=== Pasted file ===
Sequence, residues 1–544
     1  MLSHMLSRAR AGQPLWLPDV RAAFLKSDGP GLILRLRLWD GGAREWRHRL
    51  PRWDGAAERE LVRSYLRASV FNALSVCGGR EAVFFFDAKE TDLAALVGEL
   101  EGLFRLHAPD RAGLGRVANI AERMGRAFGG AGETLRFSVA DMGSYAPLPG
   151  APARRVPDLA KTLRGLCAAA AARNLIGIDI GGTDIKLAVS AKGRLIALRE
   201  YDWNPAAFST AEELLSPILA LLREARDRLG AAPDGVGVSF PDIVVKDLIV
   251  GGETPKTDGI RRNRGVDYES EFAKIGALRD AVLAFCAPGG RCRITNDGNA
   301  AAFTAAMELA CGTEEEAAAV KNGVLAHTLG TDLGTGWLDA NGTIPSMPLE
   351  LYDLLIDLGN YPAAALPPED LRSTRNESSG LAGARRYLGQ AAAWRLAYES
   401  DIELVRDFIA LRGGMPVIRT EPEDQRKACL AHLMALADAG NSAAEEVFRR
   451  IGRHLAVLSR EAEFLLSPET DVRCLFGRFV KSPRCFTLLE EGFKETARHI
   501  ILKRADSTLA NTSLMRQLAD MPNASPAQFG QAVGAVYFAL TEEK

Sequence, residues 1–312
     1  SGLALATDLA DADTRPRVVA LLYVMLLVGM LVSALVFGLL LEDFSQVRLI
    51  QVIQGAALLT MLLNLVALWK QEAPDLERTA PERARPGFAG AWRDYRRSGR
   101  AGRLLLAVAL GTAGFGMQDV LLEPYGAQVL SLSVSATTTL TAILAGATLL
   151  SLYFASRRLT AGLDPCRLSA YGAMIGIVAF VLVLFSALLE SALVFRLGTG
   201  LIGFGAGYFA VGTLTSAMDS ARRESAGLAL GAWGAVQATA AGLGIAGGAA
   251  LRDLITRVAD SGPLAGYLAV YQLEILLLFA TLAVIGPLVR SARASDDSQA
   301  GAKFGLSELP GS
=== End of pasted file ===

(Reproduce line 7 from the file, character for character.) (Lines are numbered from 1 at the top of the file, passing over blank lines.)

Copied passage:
   251  GGETPKTDGI RRNRGVDYES EFAKIGALRD AVLAFCAPGG RCRITNDGNA